• No one in any of this “uproar” has sufficiently explained why the subject of rape SHOULDN’T be in a game. It’s been endless cries of “objectifying women” without telling us “how” they’ve come to this conclusion, apart from focusing on the word “rape”.

    Rape is a horrible thing, but I want to be confronted by these issues in games (even if in this case it’s relatively tame). The Internet hoards yet again setting gaming back.

    • I did see one article about this whole thing but which also focused on rape in all forms of story telling. The basic criticism was that too often rape is simply used by lazy writters as a way to show that someone’s a bad guy. The article also pointed out that female characters always tend to have to go through some traumatic event in order to become a strong character and that the traumatic event is usually something sexual in nature.

      Personally I think the big out-cry over this whole thing is because they’ve taken a well known character who’s always being very strong and are tearing her down into this weak helpless creature (I imagine there would be similar out-cry if this sort of treatment were to happen to Master Chief or Kratos or another strong, well known character) and also because after all the beatings we’ve seen Lara take from the trailers the addition of someone trying to rape her seems like a bit much. Like it’s gone beyond the point of trying to make an interesting origin story about a character who took some beatings and rose above it and more like the writters/developers outlet for their own sadistic, twisted fantasies.

      • There’s a fundamental error in your second paragraph. They aren’t trying to get ye olde Lara Croft with the guns and the short shorts and tear her down, they’re taking a younger Croft and build her up.

        I also kind of think that all the hurt that they’ve put on Lara in the trailers is the entire amount in the game. Kind of like when they put all the funny bit of chick flicks in the trailers.

    • The problem is less that it’s rape and more that it looks like Crystal Dynamic’s idea of a strong female character are Kate Beaton’s The Strong Female Characters. Which is why it really only became a problem when they started talking about how they think players will be protective of Lara.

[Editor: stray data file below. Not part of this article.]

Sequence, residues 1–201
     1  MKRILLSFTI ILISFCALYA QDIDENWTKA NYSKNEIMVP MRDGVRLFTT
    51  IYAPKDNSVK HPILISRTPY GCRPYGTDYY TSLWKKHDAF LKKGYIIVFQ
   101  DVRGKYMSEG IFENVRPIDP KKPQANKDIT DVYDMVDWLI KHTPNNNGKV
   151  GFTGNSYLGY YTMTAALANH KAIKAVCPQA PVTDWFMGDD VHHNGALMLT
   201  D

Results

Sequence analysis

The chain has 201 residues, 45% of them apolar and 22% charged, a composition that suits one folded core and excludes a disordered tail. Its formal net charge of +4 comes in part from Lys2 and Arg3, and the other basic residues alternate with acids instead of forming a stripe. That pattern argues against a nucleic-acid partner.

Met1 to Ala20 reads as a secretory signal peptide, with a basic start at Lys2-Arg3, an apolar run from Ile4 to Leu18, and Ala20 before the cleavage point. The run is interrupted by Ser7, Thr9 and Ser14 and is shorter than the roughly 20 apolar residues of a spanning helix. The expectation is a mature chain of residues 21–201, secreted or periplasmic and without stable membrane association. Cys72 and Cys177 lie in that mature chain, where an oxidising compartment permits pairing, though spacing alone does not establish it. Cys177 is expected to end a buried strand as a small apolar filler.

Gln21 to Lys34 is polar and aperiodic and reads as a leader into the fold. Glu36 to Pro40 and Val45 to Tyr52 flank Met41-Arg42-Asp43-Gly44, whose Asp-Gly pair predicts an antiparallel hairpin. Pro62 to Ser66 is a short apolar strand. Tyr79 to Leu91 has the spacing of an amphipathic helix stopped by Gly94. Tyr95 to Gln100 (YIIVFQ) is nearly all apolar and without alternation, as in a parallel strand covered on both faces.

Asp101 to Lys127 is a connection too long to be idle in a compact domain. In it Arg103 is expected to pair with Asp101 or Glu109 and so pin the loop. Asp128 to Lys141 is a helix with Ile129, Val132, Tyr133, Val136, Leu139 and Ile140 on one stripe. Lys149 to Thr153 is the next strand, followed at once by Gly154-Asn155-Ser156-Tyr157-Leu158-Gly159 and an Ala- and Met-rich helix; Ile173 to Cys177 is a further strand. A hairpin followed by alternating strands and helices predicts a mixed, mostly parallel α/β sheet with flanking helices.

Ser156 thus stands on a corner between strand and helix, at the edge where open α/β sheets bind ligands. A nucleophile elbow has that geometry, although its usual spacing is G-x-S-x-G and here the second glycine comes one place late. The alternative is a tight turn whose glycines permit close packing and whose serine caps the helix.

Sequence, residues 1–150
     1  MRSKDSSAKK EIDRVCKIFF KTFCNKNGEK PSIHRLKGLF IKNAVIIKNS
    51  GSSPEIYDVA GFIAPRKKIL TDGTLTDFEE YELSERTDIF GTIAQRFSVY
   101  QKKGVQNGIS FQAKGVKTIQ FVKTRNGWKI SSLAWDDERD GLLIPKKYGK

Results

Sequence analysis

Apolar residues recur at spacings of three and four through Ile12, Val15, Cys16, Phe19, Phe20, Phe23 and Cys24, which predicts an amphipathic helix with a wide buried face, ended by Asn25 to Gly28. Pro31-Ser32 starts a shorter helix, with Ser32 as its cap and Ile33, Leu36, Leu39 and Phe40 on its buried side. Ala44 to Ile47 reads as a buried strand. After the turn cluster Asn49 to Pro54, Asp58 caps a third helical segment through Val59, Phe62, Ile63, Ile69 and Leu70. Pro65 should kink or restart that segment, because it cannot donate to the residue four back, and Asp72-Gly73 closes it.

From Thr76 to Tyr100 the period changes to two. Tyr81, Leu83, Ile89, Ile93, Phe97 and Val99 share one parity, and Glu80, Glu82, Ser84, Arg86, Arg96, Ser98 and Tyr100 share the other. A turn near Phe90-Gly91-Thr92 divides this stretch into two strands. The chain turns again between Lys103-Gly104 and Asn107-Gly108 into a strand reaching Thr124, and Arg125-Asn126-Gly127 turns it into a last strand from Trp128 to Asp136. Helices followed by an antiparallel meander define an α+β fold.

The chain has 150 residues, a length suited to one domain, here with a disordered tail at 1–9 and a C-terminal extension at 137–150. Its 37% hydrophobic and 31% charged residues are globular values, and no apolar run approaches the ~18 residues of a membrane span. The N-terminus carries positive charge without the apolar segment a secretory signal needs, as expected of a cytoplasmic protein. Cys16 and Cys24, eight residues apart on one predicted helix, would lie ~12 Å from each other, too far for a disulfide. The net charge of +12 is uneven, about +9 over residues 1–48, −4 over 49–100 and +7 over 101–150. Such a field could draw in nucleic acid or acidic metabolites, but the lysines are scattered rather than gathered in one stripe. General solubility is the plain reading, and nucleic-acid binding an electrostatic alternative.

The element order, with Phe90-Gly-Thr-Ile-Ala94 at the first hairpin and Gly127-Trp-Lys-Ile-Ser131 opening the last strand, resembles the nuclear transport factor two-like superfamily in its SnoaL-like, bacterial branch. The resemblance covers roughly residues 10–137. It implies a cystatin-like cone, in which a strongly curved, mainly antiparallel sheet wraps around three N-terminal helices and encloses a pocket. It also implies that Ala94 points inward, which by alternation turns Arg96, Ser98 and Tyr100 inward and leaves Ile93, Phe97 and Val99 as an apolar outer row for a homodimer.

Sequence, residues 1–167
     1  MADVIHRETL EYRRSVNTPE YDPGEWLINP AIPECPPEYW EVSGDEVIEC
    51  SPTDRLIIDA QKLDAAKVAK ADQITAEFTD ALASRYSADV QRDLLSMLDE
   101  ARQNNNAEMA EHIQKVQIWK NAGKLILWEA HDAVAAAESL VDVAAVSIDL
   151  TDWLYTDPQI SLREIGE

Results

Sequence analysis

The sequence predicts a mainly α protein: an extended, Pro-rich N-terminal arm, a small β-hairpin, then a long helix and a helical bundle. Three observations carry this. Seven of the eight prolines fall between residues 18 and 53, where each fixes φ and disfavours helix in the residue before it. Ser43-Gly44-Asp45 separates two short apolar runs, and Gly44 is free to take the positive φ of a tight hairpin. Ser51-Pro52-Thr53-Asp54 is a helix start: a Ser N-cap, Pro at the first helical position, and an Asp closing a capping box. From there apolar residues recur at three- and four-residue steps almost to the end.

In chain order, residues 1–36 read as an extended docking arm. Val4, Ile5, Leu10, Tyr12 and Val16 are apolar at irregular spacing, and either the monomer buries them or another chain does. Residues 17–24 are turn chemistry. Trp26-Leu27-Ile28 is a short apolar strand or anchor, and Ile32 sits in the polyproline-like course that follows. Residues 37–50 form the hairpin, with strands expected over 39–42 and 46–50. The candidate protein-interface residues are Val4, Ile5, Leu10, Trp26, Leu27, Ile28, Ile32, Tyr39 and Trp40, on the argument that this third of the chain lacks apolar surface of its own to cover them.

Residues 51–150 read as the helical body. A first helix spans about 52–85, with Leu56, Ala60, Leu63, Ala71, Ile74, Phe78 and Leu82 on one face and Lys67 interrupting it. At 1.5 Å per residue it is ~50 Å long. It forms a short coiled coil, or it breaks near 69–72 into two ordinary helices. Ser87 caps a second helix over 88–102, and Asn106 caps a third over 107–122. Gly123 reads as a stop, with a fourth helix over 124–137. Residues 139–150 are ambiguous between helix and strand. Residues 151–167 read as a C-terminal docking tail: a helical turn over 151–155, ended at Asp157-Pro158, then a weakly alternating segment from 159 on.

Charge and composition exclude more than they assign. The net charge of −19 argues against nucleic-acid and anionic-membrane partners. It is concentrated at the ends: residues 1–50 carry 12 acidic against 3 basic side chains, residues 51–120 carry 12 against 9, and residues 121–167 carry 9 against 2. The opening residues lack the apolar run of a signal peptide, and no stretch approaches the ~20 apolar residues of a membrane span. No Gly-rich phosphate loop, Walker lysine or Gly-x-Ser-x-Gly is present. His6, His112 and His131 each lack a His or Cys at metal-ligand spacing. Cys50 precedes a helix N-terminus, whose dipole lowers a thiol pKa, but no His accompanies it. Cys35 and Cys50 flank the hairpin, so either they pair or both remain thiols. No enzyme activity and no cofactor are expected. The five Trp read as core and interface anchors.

• I’m still unsure whether I like this origin story more than TR: Legend or not. Both seem to be about a traumatic experience with some tomb raiding aspect, although the Legend version was somewhat sanitised.

    I’m kind of feeling a little dubious about whether the reboot is going to be any good. They seem very keen to keep pushing the whole “vulnerable Lara needs your protection” aspect and sometimes it feels like all these situations are contrived to just make Lara appear vulnerable rather than being there because the story flow requires it. It’s one of the problems I had with Uncharted 2 as well. A lot of the events felt like they were there to force a point rather than being a logical progression of the story.

    • Sorry to get all Spock logic on it but isn’t Murder a bigger moral no no than Rape?
      (I realise the emotional reaction makes things cloudy, but if you Murder someone that Raped someone in the eyes of the Law its still Murder)

  • Gamers and non-gamers have become absolute pussies. The stupidity and narrow minded garbage that soccer mums and politicians spout HAS to have rubbed off. In the last few months I have seen SO much self righteous bitching and wilfully ignorant speech from both sides of the spectrum.

    People NEED to grow up and grow a brain.

  • Americans are funny. They love violence, they delight in violence as entertainment. But when it comes to sexual themes it’s such a taboo. You can have guy try to shoot, kill, murder, stab, explode, maim and harm you, and you can impale, punch, stab, shoot, slice and murder hundreds of people in a game, but as soon as the guy touches Lara in a devious way it’s like “HOLY SH*T THIS GAME IS SO OUT OF LINE!!!”

    • There is a big difference between portraying violence and portraying sexualised violence. It’s not the sex that is what people are up in arms about, if she were having consensual sex with a guy I think there would be much less uproar. The outrage is the intersection of sex and violence, just like the Hitman trailer. It is something that one in six women face in their lives, so I think the topic needs to be approached with much more sensitivity than they seem to be bothering with, where they seem to have just thrown it in as an obstacle for her to overcome.

      Basically, I’m cool with sex in games, and I even think that if dealt with in a really sensitive way (preferably written by someone who has actually been raped, seeing as I doubt any of the developers of this game have) rape can have a place within a game narrative, if dealt with appropriately and with consideration and feedback from rape survivors, but you cannot present it in such a throwaway manner as they have here. It is trivialising a very real problem by having it just an obstacle to overcome.

Show more comments

Log in to comment on this story!